Elderberries, popular in making jelly, jam and wine, are often a wild shrub. A few varieties are sold for the home landscape. In home landscapes they can be used for aesthetic purposes, for their fruit or to attract birds. If you are considering growing elderberry bushes, take a little time to familiar yourself with the more common problems you might face and what you can do about them.
Only a few insects present problems for elderberries. The elder shoot borer, a few different aphids and the cecropia moth can cause damage to foliage and berries. Because only a few insecticides have been approved for use with elderberries, it is important to check labels carefully before using anything on your bush.
Some diseases affect all kinds of plants like leaf spot, cankers and powdery mildew. Elderberry bushes are susceptible to these as well as thread blight, root rot and verticillium wilt. Cankers are serious because they cause cankers which can girdle the branch, killing anything beyond the canker. Root rot if left untreated can lead to death.
Elderberries are inviting to birds. Some people plant elderberries strictly to draw birds. Birds can strip a bush of its fruit in short order. If you have multiple bushes, the loss may acceptable. If there is only one or two bushes, cover them with nets to protect your fruit. You can also reduce the risk of bird problems by planting them away from wooded areas where birds congregate.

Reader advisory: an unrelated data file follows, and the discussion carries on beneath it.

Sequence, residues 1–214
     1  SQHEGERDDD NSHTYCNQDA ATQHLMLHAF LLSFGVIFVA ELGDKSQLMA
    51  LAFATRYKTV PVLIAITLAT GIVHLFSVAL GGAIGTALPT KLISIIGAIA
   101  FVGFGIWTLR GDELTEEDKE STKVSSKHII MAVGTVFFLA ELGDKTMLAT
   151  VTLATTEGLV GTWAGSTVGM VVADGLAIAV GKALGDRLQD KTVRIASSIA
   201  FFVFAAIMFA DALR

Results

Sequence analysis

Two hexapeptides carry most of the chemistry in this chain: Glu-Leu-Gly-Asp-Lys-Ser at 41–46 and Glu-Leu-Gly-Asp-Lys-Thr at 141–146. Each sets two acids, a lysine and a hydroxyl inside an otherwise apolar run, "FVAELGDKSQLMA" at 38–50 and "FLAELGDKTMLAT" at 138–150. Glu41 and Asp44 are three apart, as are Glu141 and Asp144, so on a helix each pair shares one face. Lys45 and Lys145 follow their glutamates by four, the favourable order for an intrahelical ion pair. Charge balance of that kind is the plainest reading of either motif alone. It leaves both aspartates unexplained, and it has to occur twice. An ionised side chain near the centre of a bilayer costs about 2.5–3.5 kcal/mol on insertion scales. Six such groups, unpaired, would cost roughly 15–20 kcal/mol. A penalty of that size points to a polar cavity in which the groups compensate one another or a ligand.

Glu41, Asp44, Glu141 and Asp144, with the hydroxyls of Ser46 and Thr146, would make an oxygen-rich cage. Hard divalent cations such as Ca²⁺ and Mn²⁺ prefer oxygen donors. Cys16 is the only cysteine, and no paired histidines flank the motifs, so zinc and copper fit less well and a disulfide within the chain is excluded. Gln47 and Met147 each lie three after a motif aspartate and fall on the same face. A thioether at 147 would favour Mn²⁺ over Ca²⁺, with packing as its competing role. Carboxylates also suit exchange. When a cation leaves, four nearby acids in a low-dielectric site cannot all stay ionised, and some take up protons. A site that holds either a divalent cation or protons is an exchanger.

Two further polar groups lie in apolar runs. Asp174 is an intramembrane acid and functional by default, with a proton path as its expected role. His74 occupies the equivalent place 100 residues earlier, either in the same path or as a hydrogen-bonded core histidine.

Swampy or poorly drained sites are not suitable for elderberry bushes. Alkaline soils are not ideal as elderberries prefer slightly acidic soils. They should not be situated in full sun. Instead, look for shady, cool locations as a planting site. Maintain good air flow throughout the plant to prevent overcrowding which can foster disease conditions.
When planting young plants, maintain stringent weed control. Weeds can rapidly take over and choke a young elderberry bush.
Elderberries are self-unfruitful which means they need cross pollination from another variety of elderberry in order to produce fruit. A second bush should be planted nearby to ensure pollination.
Sources: New York State College of Agriculture
University of Wisconsin